Heather Wolpert-Gawron

Credential Programs: Give us your money and we’ll give you a classroom

By on June 9, 2008

In Education Week’s article, “Busywork 101,” Jay Solomon writes that the credential programs of today are a “seemingly endless journey through the abstract and the ridiculous.”  He also claims that these programs aren’t a conspiracy of arbitrary tedium.  I beg to differ.

They are programs full of teachers teaching methods they do not model.  They are programs that alter their requirements as you muddle through them with little guidance, stumbling on seemingly new requirement after requirement.  They are programs that demand that you buy the $200 textbook, only to never ask that you use it.  They are programs that believe more work must be rigorous work, and your willingness to go through with their requirements must mean you really want to teach.  I commented earlier on a Dave Saba article that was on a similar topic that you can read here.  

But I also commented on the Education Week article, saying the following:

 My teacher credential program had no classroom management class.  My Ed Psychology professor read his screenplay for a full semester.  Many of the teachers hadn’t been in a classroom for over 3o years; one actually had only been in a classroom for 6 months prior to his employment with the program.  I paid to go through arbitrary paperwork, sit beside candidates who had nothing better to do but who felt they might as well teach, and was taught by those who did not think that every child was capable of learning.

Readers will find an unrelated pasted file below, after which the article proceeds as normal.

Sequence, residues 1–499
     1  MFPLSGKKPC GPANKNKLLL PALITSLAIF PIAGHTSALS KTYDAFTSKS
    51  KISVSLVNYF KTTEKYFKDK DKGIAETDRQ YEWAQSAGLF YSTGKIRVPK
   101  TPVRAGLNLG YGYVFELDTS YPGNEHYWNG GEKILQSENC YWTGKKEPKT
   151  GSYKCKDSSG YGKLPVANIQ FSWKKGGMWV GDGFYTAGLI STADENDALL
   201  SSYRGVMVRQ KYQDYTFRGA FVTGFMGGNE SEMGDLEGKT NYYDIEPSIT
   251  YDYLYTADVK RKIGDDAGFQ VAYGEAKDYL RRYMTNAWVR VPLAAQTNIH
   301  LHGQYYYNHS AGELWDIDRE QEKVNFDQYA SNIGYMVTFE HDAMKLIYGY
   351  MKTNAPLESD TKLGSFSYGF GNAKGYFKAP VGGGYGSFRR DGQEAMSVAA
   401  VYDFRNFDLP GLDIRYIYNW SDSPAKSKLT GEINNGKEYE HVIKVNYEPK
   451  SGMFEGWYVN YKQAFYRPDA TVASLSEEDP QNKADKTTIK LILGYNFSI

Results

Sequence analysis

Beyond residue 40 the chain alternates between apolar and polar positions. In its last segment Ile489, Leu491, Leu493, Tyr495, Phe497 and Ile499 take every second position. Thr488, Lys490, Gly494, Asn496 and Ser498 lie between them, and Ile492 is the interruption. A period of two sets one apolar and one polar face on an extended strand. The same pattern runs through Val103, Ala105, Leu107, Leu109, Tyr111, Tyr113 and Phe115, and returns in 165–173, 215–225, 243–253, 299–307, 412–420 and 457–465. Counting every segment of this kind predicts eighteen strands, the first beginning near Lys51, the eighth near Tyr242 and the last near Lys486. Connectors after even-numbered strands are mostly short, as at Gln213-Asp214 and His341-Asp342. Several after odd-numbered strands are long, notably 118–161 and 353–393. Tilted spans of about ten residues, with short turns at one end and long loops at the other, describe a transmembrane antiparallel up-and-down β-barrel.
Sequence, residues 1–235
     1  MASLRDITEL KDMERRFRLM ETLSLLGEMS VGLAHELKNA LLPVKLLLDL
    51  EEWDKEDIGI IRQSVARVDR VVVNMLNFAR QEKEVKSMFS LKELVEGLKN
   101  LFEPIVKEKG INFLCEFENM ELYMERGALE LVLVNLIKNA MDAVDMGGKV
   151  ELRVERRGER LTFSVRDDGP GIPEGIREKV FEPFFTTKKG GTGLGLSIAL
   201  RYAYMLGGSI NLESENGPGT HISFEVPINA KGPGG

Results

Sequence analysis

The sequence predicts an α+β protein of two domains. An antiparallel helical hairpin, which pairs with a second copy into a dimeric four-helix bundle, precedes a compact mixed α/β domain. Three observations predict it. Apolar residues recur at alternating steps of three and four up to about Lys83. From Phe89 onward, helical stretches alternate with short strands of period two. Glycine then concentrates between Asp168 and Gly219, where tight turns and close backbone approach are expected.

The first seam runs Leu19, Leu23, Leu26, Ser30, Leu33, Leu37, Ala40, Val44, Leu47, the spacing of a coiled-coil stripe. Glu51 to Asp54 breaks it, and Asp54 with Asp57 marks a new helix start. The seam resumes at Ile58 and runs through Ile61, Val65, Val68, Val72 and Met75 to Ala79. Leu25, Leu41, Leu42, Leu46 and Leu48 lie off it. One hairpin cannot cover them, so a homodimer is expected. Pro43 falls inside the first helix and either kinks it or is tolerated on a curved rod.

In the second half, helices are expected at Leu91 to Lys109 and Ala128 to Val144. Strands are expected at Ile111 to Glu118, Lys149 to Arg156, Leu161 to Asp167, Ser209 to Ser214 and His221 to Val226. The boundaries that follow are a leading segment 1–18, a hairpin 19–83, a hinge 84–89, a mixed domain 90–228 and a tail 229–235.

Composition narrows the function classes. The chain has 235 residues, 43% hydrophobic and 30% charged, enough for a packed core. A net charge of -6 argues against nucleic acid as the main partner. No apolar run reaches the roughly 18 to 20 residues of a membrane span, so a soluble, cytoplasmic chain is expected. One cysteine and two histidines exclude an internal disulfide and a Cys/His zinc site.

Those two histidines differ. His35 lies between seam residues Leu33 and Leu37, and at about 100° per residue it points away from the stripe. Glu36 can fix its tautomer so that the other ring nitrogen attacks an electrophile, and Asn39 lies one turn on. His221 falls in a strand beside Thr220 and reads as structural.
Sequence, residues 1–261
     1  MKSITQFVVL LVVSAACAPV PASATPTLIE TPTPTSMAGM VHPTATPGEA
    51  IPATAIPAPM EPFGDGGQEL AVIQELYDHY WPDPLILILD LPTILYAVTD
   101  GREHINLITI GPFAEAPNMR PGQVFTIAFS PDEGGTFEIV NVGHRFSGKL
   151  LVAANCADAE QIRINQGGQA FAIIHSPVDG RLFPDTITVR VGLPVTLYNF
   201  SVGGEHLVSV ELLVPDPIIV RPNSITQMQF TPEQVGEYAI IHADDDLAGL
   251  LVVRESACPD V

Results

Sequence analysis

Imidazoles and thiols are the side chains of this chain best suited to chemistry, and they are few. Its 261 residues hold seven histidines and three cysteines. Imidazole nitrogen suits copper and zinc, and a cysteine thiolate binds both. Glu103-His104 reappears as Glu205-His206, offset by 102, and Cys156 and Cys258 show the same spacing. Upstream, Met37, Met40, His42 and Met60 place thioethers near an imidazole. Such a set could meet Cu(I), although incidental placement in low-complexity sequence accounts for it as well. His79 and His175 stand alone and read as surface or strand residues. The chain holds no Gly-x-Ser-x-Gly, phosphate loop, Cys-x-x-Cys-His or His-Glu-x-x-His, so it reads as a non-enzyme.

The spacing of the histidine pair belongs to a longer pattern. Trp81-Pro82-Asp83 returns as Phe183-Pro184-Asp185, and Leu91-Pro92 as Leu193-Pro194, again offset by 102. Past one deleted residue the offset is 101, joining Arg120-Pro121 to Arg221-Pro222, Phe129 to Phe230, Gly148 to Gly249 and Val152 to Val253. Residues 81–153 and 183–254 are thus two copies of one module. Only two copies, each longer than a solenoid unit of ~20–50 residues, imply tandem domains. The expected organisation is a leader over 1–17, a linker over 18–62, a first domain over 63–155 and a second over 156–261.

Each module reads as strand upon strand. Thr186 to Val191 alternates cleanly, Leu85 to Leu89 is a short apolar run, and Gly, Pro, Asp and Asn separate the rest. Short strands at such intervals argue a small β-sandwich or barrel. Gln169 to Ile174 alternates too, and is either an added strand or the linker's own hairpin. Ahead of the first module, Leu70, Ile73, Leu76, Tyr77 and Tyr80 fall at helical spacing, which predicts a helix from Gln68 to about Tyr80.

What I learned was on the job and with mentors who shared my philosophies of collaboration, management through both humor and rigor, and student-directed lessons. 

 My credential program collected my money and created more hoops every year, thus, adding to my financial commitment with each added requirement.  It was also run by turfy, mean-spirited people who couldn’t learn how to use the big red Hold button on their phone.

I spent two years working full time, tutoring on my weekends, and attending credential courses at night only to finally end up getting my real education once I was actually hired.

 It might not feel like a conspiracy, but with so many factors working against you, you begin to feel like a guerilla in the jungles of administrative hell swinging a machete of reason against the mosquitoes of wasted time.

But I did get my credential, and while I am grateful to have it, I now know that I didn’t have to be a good candidate to get it.  I could have been a mediocre one and even an atrocious one, so long as I had the perseverance to go jump through their hoops and the checking account that could withstand the never-ending requirements.


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